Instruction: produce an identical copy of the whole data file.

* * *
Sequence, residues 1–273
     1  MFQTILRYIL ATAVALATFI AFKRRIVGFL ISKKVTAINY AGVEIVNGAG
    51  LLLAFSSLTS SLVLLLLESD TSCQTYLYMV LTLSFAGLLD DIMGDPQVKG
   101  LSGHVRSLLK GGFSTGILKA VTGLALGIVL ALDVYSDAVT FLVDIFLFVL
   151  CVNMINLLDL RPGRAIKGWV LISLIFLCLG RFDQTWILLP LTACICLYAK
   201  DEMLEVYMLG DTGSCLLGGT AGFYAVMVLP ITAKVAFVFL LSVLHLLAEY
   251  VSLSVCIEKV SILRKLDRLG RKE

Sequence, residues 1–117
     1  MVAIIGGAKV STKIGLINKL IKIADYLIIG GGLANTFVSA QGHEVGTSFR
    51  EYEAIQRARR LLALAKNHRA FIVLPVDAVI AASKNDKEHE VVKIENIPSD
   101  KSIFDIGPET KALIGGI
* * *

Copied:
Sequence, residues 1–273
     1  MFQTILRYIL ATAVALATFI AFKRRIVGFL ISKKVTAINY AGVEIVNGAG
    51  LLLAFSSLTS SLVLLLLESD TSCQTYLYMV LTLSFAGLLD DIMGDPQVKG
   101  LSGHVRSLLK GGFSTGILKA VTGLALGIVL ALDVYSDAVT FLVDIFLFVL
   151  CVNMINLLDL RPGRAIKGWV LISLIFLCLG RFDQTWILLP LTACICLYAK
   201  DEMLEVYMLG DTGSCLLGGT AGFYAVMVLP ITAKVAFVFL LSVLHLLAEY
   251  VSLSVCIEKV SILRKLDRLG RKE

Sequence, residues 1–117
     1  MVAIIGGAKV STKIGLINKL IKIADYLIIG GGLANTFVSA QGHEVGTSFR
    51  EYEAIQRARR LLALAKNHRA FIVLPVDAVI AASKNDKEHE VVKIENIPSD
   101  KSIFDIGPET KALIGGI